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World Neurosurg. 2016 Nov;95:309-314. doi: 10.1016/j.wneu.2016.07.090. Epub 2016 Aug 4.

Pediatric Neurosurgical Outcomes Following a Neurosurgery Health System Intervention at Mulago National Referral Hospital in Uganda.

Author information

1
Duke University Division of Global Neurosurgery and Neuroscience, Durham, North Carolina, USA; Duke University School of Medicine, Durham, North Carolina, USA.
2
Duke University Division of Global Neurosurgery and Neuroscience, Durham, North Carolina, USA; Duke University School of Medicine, Durham, North Carolina, USA; Duke University Global Health Institute, Durham, North Carolina, USA; Department of Neurosurgery, Duke University Medical Center, Durham, North Carolina, USA; Department of Neurosurgery, Mulago National Referral Hospital, Kampala, Uganda.
3
Department of Neurosurgery, Duke University Medical Center, Durham, North Carolina, USA.
4
Duke University Division of Global Neurosurgery and Neuroscience, Durham, North Carolina, USA; Duke University Global Health Institute, Durham, North Carolina, USA. Electronic address: emily.smith1@duke.edu.

Abstract

OBJECTIVE:

Pediatric neurosurgical cases have been identified as an important target for impacting health disparities in Uganda, with over 50% of the population being less than 15 years of age. The objective of the present study was to evaluate the effects of the Duke-Mulago collaboration on pediatric neurosurgical outcomes in Mulago National Referral Hospital.

METHODS:

We performed retrospective analysis of all pediatric neurosurgical cases who presented at Mulago National Referral Hospital in Kampala, Uganda, to examine overall, preprogram (2005-2007), and postprogram (2008-2013) outcomes. We analyzed mortality, presurgical infections, postsurgical infections, length of stay, types of procedures, and significant predictors of mortality. Data on neurosurgical cases was collected from surgical logbooks, patient charts, and Mulago National Referral Hospital's yearly death registry.

RESULTS:

Of 820 pediatric neurosurgical cases, outcome data were complete for 374 children. Among children who died within 30 days of a surgical procedure, the largest group was less than a year old (45%). Postinitiation of the Duke-Mulago collaboration, we identified an overall increase in procedures, with the greatest increase in cases with complex diagnoses. Although children ages 6-18 years of age were 6.66 times more likely to die than their younger counterparts preprogram, age was no longer a predictive variable postprogram. When comparing pre- and postprogram outcomes, mortality among pediatric patients within 30 days after a neurosurgical procedure increased from 4.3% to 10.0%, mortality after 30 days increased slightly from 4.9% to 5.0%, presurgical infections decreased by 4.6%, and postsurgery infections decreased slightly by 0.7%.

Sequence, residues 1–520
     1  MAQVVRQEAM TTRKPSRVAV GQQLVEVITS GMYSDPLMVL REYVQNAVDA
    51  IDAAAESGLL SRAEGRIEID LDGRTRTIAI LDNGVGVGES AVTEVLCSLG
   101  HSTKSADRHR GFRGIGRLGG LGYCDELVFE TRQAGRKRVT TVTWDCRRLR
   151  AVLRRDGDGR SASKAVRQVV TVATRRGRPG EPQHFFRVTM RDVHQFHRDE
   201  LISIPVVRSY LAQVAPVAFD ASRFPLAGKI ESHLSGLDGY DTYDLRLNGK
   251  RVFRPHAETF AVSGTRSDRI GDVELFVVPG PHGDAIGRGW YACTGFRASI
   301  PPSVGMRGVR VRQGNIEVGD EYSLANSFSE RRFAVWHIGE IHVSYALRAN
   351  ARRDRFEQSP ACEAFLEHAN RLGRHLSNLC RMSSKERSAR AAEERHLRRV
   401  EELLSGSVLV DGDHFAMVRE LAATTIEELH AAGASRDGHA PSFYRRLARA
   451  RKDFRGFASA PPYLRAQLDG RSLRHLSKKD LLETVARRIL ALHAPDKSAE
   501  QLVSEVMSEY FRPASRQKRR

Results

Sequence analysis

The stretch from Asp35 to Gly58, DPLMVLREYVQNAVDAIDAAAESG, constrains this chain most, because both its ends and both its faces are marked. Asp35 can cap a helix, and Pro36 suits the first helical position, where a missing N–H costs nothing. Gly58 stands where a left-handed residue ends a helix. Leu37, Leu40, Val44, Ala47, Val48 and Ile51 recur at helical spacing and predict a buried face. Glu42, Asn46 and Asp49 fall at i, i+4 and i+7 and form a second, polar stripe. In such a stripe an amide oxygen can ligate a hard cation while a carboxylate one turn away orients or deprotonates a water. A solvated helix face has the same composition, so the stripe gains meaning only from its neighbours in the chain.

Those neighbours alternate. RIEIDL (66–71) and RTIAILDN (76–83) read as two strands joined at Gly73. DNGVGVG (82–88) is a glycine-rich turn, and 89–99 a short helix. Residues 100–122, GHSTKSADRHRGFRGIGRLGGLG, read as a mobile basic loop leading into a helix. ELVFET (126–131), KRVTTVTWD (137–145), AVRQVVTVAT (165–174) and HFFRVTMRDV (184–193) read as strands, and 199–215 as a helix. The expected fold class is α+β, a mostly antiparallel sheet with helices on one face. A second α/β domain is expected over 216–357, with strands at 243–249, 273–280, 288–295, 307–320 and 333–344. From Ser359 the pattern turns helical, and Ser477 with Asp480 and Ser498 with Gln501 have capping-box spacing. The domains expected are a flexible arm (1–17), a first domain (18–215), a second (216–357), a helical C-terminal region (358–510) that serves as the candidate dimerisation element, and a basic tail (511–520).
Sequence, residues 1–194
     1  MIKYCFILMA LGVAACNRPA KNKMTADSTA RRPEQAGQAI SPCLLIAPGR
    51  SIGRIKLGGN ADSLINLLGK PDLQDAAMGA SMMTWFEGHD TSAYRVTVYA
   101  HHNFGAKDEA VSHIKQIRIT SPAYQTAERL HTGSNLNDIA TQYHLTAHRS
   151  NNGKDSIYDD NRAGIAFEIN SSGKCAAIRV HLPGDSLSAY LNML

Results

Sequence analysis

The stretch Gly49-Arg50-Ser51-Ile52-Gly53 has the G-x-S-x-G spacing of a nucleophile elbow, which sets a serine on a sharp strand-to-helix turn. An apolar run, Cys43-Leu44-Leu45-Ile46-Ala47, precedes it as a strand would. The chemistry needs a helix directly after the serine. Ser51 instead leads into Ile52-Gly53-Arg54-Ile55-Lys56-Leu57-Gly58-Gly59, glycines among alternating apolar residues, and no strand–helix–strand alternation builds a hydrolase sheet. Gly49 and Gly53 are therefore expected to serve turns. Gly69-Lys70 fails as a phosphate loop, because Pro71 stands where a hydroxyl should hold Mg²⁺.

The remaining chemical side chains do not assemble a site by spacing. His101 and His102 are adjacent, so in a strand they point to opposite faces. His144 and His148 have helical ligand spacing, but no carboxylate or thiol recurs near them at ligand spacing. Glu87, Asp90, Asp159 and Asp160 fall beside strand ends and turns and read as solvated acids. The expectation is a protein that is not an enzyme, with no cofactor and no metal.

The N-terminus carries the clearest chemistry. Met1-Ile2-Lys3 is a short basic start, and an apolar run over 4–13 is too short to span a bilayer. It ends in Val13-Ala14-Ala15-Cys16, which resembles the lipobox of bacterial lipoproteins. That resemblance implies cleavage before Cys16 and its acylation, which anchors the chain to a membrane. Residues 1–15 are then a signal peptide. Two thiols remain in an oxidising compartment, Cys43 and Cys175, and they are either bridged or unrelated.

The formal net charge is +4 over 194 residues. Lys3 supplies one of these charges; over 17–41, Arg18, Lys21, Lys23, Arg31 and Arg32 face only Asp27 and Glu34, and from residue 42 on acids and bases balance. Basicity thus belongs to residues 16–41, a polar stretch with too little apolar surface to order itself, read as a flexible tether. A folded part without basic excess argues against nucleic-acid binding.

CONCLUSIONS:

Our data show the provision of more complex neurological procedures does not necessitate improved outcomes. Rather, combining these higher-level procedures with essential pre- and postoperative care and continued efforts in health system strengthening for pediatric neurosurgical care throughout Uganda will help to address and decrease the burden throughout the country.

KEYWORDS:

Health system strengthening; Mulago National Referral Hospital; Pediatric neurosurgery; Surgical outcomes

PMID:
27497624
DOI:
10.1016/j.wneu.2016.07.090
[Indexed for MEDLINE]

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